A rocket carrying the SLIM lunar probe, with which Japan intends to carry out the country’s first landing, took off this Thursday, after three postponements since the end of August due to unfavorable weather conditions.
According to the live broadcast of the launch, the 47th H2A rocket, operated by Mitsubishi Heavy Industries, left according to foreseenat 8:42 am (0h42 in Lisbon), from a base in Tanegashima, in the southwest of the country.
A probe lunar SLIM successfully separated of the H2A rocket, 53 meters long and four meters in diameter, about 45 minutes after take-off, causing an explosion of joy and applause in the control centre.
The probe, dubbed the Moon Sniper (Lunar Shooter), you must enter Earth’s natural satellite orbit in about three or four months and shall land in six months.
SLIM will attempt to land near the Shioli crater, near the lunar equator, in the “most accurate landing” yet, the Japan Aerospace Exploration Agency (JAXA) said.
JAXA intends to land the SLIM a maximum of 100 meters from the target, to avoid steep slopes and uneven terrain, not least because the suitable areas for exploring the polar regions of the Moon “are limited to a very small area”.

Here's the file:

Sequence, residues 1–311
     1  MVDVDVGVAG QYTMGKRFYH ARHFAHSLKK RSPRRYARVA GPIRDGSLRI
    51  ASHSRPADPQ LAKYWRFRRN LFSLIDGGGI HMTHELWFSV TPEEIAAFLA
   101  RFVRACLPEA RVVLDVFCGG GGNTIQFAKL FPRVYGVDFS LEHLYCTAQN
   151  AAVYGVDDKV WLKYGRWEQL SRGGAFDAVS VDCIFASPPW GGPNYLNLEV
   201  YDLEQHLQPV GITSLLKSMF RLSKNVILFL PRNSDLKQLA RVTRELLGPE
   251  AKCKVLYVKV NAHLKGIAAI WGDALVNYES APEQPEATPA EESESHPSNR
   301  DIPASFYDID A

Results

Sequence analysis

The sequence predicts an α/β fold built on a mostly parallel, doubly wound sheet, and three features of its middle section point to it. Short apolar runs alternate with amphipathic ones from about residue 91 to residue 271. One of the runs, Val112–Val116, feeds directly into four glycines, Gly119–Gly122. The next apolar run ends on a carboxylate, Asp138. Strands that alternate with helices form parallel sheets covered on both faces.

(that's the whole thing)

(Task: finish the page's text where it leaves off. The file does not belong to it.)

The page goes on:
If it manages to land on the moon, Japan will be the fifth country to do soand the data obtained will be used in the international North American Artemis project, which aims to land astronauts on the Moon and, ultimately, the exploration of Mars.
In August, India successfully landed its first spacecraft on the Moon, joining the United States, Soviet Union and China.
India made history: it overtook Russia and managed to land on the south pole of the moon. “Success belongs to all humanity”, said Modi
Russia, for its part, has just failed in a new attempt, with its probe Luna-25 crashing on the 19th of August on the lunar soil.
Luna-25, the first Russian mission to the Moon in nearly 50 years, crashed into the surface before landing
The take-off of the H2A was followed live by more than 35,000 people on the YouTube platform, a sign of the enthusiasm generated by this dual mission.
The H2A also carried a new observation satelliteX-ray spacecraft, called XRISM, put into orbit around Earth 13 minutes after launch to investigate the evolution of the universe and space-time.
The satellite will explore the winds of plasma gases that blow through galaxies, a vestige of the birth and death of stars. Studying the X-rays emitted by this gas can help draw a map of how it spread across the universe.
The mission also intends to measure the X-ray light emitted by immensely dense objects, such as the black holes found at the centers of some galaxies, to help understand how they warp the spacetime around them and how they affect galaxies.
XRISM was developed jointly with the US space agency NASA, representing an important evolution in Japan’s satellite program.